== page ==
A large number of fraudulent messages claiming to be from Facebook customer service representatives or automated customer service systems have recently been reported to the Wisconsin Department of Agriculture and Consumer Protection Bureau of Consumer Protection (DATCP). . These messages claim that a recipient’s Facebook account has been hacked, stolen, or disabled, and urge them to click on a link to recover their account. If the link is opened, users are prompted to “log in” to a website that looks very similar to Facebook but is actually a convincing fake set up by scammers to steal account information.
This practice is known as a phishing scam and can target specific individuals or thousands of people at once. Recent Facebook-related phishing attempts usually arrive via email, text or Facebook private messages. Similar phishing scams can occur through Facebook Marketplace, Facebook Groups, a friend’s hacked Facebook account, Instagram or WhatsApp. If you receive an unsolicited message that your Facebook or other social media account has been compromised:
- Do not reply to the message, call or text a number provided in the message.
- Do not provide any of your account information or passwords.
- Do not click on any links or open any attachments in the message. These may contain viruses or malware that could be installed on your device without your permission or knowledge.
- If you click on a link in a suspicious message, you may want to have your device scanned for viruses and malware at a reputable computer or cellphone repair facility. Change your passwords on a separate, secure device as soon as possible.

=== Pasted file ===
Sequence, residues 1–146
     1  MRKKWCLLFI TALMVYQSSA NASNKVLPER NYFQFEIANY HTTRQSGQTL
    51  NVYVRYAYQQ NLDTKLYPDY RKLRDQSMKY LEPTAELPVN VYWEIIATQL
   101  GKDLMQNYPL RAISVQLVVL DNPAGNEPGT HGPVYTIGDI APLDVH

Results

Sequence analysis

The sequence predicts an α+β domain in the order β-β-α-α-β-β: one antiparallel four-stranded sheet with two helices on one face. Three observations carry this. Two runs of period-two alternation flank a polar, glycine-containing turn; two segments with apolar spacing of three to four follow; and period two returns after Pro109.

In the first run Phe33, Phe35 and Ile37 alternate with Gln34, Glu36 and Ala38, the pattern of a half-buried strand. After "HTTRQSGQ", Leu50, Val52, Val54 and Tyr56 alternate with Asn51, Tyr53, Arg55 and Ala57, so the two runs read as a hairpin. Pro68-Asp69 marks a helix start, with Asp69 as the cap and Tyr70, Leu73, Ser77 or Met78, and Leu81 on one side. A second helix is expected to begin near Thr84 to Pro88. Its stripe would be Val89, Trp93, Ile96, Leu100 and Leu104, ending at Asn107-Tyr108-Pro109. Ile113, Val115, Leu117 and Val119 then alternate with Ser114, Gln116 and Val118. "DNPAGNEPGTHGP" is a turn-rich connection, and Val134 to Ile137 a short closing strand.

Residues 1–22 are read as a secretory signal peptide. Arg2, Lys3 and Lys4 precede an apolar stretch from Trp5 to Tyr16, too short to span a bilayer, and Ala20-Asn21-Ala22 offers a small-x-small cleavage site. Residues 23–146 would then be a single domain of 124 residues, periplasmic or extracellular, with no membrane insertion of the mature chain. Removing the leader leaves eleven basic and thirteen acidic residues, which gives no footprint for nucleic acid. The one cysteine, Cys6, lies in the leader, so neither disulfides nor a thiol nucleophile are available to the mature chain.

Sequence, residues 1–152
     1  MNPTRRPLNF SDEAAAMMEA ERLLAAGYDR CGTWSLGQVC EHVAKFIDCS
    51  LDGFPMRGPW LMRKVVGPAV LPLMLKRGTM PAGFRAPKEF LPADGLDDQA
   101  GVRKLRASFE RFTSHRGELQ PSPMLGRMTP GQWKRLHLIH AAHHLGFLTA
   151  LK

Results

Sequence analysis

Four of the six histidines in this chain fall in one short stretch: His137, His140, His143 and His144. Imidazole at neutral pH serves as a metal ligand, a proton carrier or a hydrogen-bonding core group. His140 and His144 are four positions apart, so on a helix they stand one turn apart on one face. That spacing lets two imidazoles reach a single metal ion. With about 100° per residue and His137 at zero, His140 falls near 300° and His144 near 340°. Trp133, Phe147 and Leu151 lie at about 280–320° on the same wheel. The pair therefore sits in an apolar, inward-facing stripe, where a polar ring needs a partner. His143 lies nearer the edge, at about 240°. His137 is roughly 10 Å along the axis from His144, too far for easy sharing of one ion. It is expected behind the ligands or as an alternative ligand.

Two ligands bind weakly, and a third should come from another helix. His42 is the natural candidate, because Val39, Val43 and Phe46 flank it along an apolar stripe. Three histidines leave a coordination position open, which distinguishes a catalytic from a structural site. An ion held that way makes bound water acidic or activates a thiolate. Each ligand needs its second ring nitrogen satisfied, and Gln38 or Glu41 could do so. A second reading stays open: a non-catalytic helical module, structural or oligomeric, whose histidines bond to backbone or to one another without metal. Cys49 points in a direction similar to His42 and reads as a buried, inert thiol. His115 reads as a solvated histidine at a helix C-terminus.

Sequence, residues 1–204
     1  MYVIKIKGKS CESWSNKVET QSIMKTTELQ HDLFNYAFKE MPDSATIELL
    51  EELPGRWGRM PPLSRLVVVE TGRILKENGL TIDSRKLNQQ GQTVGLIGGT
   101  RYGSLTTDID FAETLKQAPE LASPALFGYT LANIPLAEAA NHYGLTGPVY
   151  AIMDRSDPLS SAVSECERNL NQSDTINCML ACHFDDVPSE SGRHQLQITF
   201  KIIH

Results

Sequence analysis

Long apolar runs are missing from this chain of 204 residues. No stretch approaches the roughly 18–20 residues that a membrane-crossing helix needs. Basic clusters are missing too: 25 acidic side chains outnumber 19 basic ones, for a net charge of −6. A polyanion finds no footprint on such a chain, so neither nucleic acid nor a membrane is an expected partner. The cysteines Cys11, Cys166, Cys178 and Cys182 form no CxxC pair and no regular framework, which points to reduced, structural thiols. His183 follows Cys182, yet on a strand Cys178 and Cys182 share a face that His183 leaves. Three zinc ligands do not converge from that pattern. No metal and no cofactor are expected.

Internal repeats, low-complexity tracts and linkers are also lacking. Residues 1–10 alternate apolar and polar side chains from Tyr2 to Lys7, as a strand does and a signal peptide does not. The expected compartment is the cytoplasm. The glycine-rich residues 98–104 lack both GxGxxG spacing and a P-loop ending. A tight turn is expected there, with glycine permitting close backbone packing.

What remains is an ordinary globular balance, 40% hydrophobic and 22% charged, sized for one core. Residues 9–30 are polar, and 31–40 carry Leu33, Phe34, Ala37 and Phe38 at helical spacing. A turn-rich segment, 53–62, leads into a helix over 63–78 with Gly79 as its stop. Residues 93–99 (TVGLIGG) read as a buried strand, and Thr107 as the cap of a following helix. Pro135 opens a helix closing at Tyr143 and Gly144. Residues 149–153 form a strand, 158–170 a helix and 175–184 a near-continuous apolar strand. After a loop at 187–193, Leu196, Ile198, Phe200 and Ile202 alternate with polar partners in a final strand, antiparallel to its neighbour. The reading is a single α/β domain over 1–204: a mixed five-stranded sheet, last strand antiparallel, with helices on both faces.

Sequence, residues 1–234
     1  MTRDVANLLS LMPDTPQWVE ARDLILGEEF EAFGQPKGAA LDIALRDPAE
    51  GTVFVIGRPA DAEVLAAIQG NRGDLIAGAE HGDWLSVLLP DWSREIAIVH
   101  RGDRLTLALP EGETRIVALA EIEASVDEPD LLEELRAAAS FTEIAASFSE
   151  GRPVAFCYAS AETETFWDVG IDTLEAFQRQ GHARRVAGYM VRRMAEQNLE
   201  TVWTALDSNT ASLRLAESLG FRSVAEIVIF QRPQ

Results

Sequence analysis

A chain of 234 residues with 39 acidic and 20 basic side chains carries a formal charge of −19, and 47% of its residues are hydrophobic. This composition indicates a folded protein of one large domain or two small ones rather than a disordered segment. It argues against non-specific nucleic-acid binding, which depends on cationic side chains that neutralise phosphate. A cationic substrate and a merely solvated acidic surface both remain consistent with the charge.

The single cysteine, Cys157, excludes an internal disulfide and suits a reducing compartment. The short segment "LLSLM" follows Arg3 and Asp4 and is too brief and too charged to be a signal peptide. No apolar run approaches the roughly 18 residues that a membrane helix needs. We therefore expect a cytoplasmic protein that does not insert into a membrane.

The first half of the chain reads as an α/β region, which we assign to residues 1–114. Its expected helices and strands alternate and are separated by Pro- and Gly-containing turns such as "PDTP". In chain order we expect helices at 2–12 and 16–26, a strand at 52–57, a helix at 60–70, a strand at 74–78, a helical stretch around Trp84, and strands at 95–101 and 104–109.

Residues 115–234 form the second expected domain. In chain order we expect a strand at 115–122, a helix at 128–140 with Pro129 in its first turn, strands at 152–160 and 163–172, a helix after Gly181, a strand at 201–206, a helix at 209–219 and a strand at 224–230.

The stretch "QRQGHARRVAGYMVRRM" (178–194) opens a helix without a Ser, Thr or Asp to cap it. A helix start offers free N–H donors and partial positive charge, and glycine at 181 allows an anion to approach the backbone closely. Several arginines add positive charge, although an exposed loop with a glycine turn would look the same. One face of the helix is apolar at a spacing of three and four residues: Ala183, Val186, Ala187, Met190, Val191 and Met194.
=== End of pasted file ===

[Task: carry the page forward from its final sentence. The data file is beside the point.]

Users should not panic or feel intimidated if they receive these messages about compromised accounts, as Facebook will never contact users via SMS or private message. If users are unsure whether an email is legitimate, they should check the sender’s address to make sure it’s an official Facebook account. They can also hover over links in the email message without clicking or opening them to see the web address they lead to. Facebook users concerned that their account may be compromised can ask for help at facebook.com/hacked. Although Facebook is the most spoofed social media platform for phishing attempts due to the popularity of the social media platform, it is not the only one scammers use.
For more information and consumer protection resources or to file a complaint, visit the DATCP’s Consumer Protection webpage at ConsumerProtection.wi.gov. If you have questions or believe you have been the victim of a scam, report it by calling the DATCP Consumer Protection Hotline at 1-800-422-7128 or emailing [email protected] .